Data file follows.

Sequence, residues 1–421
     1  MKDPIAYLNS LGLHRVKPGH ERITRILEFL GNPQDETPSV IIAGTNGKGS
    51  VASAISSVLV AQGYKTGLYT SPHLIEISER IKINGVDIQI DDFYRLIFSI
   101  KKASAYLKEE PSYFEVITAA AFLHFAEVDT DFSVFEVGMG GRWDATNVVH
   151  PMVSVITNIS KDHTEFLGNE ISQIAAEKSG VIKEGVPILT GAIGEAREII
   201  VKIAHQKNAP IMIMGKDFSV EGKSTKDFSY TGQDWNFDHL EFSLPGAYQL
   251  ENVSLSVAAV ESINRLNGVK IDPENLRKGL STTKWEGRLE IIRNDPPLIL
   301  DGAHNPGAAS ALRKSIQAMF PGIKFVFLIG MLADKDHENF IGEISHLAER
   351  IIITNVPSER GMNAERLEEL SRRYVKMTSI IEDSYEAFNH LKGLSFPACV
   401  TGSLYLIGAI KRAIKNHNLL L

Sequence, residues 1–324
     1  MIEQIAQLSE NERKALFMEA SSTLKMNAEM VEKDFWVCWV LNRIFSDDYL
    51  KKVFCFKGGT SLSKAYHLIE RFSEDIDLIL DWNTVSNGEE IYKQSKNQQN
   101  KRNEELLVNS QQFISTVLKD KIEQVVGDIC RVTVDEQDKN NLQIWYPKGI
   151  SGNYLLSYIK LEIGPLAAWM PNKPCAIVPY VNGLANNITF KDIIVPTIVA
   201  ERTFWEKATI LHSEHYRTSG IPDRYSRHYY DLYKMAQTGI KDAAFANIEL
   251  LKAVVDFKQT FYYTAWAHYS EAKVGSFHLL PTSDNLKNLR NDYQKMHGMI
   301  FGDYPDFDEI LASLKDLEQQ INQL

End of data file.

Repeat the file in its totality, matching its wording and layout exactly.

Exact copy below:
Sequence, residues 1–421
     1  MKDPIAYLNS LGLHRVKPGH ERITRILEFL GNPQDETPSV IIAGTNGKGS
    51  VASAISSVLV AQGYKTGLYT SPHLIEISER IKINGVDIQI DDFYRLIFSI
   101  KKASAYLKEE PSYFEVITAA AFLHFAEVDT DFSVFEVGMG GRWDATNVVH
   151  PMVSVITNIS KDHTEFLGNE ISQIAAEKSG VIKEGVPILT GAIGEAREII
   201  VKIAHQKNAP IMIMGKDFSV EGKSTKDFSY TGQDWNFDHL EFSLPGAYQL
   251  ENVSLSVAAV ESINRLNGVK IDPENLRKGL STTKWEGRLE IIRNDPPLIL
   301  DGAHNPGAAS ALRKSIQAMF PGIKFVFLIG MLADKDHENF IGEISHLAER
   351  IIITNVPSER GMNAERLEEL SRRYVKMTSI IEDSYEAFNH LKGLSFPACV
   401  TGSLYLIGAI KRAIKNHNLL L

Sequence, residues 1–324
     1  MIEQIAQLSE NERKALFMEA SSTLKMNAEM VEKDFWVCWV LNRIFSDDYL
    51  KKVFCFKGGT SLSKAYHLIE RFSEDIDLIL DWNTVSNGEE IYKQSKNQQN
   101  KRNEELLVNS QQFISTVLKD KIEQVVGDIC RVTVDEQDKN NLQIWYPKGI
   151  SGNYLLSYIK LEIGPLAAWM PNKPCAIVPY VNGLANNITF KDIIVPTIVA
   201  ERTFWEKATI LHSEHYRTSG IPDRYSRHYY DLYKMAQTGI KDAAFANIEL
   251  LKAVVDFKQT FYYTAWAHYS EAKVGSFHLL PTSDNLKNLR NDYQKMHGMI
   301  FGDYPDFDEI LASLKDLEQQ INQL